Working Visas for Rural Employers

5 July 2021

Working Visas for Rural Employers

Migrant workers play a critical role in filling job openings not filled by local labour. However, it’s important for employers to understand that there are significant differences between employing New Zealand citizens and employing migrant workers.

Under the Immigration Act 2009, an employer must not employ a prospective employee who is not entitled to work in New Zealand, or for that employer. This applies whether or not the employer knew that the prospective employee was entitled to work in New Zealand. Employers should therefore only offer work to prospective employees once they have confirmed the employee’s entitlement to work in New Zealand.

Migrant workers are entitled to the same employment rights as any other New Zealander, including that they must have a written employment agreement before they start work. Migrant workers may have English as a second language, so a plain language employment agreement can help to reduce misunderstandings. As with all employees, it is important for migrant employees to be given an opportunity to seek independent advice about the terms of their employment agreements before they start work.

Employees must be paid no less than New Zealand’s current minimum wage. However, Immigration New Zealand may have stipulated a higher rate on the employee’s work visa. Employers must confirm the employee’s work visa before commencement, including any express conditions around wages and hours worked.

Because migrant workers come to New Zealand from other countries and cultures, it is important not only to make them feel included and a part of the community, but also to ensure that they are not being bullied or harassed by anyone in the workplace. Education around an employee’s culture and beliefs may assist in what can often be a difficult transition period. If you know more about an employee’s culture and how they like to work, it will place you in a better position to manage any issues as they arise and before they escalate.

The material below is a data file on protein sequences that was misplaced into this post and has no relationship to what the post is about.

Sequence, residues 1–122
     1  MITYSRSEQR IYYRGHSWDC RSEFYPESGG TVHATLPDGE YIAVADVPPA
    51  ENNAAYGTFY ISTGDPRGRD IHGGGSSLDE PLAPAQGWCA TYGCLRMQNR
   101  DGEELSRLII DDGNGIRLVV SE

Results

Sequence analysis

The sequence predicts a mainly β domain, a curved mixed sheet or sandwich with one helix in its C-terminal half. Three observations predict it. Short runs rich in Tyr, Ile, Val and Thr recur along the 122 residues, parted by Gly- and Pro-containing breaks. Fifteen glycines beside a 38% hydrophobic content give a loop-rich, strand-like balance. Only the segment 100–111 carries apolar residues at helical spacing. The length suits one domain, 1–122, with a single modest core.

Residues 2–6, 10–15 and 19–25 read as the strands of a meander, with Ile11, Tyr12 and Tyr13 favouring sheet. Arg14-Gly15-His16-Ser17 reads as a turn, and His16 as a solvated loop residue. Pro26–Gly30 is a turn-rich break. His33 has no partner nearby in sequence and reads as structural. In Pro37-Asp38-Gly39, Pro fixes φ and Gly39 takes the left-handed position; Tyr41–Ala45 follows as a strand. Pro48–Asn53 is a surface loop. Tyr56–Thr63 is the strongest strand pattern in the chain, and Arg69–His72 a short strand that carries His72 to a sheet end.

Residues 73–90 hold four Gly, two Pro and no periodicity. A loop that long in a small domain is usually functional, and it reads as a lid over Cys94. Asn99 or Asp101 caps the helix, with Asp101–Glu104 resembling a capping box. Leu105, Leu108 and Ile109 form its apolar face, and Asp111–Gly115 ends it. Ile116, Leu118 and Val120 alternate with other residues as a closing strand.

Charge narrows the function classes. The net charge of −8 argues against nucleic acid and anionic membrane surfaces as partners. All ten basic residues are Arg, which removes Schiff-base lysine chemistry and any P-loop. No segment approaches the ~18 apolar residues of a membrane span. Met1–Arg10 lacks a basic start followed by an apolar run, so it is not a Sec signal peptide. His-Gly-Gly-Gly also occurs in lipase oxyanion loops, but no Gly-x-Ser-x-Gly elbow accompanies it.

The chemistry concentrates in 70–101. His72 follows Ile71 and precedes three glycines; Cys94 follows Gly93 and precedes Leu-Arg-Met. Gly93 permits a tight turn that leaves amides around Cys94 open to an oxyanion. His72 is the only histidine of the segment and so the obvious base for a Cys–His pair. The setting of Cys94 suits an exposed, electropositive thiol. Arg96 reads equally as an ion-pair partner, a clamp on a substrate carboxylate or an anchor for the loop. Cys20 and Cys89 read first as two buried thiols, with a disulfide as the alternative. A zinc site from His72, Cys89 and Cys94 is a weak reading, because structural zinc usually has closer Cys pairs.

Employers need to keep full and accurate records for every worker they employ, regardless of the worker’s status. The Employment Relations Act 2000 and the Holidays Act 2003 both require employers to keep and maintain records and can be useful to show an employer is providing minimum rights to their workers.

Immigration New Zealand is a helpful resource if you are unsure about employing migrant workers and they can be reached over the telephone or online.

The above is not intended as legal advice, and immigration law can be particularly nuanced. If you unsure about what approach to take in relation to immigrant workers, you should contact your lawyer or specialist immigration advisor.

Simon Middlemiss is part of our Commercial Disputes & Employment team at Norris Ward McKinnon.

Commercial Disputes & Employment Team